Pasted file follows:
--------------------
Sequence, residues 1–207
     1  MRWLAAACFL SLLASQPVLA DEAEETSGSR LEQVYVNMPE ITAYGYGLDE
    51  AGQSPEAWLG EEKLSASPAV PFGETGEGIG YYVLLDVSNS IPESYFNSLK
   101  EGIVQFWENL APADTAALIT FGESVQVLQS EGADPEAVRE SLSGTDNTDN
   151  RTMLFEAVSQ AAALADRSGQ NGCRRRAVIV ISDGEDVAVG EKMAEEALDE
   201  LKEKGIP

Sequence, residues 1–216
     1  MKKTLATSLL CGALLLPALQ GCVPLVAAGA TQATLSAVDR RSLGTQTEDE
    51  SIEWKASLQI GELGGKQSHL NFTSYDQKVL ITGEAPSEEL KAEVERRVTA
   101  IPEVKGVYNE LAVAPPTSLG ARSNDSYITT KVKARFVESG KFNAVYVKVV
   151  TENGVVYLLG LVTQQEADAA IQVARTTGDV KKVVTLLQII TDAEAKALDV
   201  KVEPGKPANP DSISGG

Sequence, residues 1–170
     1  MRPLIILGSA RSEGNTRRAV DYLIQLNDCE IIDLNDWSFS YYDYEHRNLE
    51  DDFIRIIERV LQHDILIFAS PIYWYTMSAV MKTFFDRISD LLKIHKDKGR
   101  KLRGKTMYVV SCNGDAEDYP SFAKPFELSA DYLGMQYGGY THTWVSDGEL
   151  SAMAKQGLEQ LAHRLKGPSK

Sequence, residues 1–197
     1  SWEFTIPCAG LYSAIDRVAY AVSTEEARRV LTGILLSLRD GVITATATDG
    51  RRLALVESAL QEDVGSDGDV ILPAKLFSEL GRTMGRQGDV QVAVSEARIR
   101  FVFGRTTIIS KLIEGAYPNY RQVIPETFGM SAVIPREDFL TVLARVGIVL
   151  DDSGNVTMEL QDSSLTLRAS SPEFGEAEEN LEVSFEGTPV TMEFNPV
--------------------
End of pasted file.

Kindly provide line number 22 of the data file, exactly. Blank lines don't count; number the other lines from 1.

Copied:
   151  DDSGNVTMEL QDSSLTLRAS SPEFGEAEEN LEVSFEGTPV TMEFNPV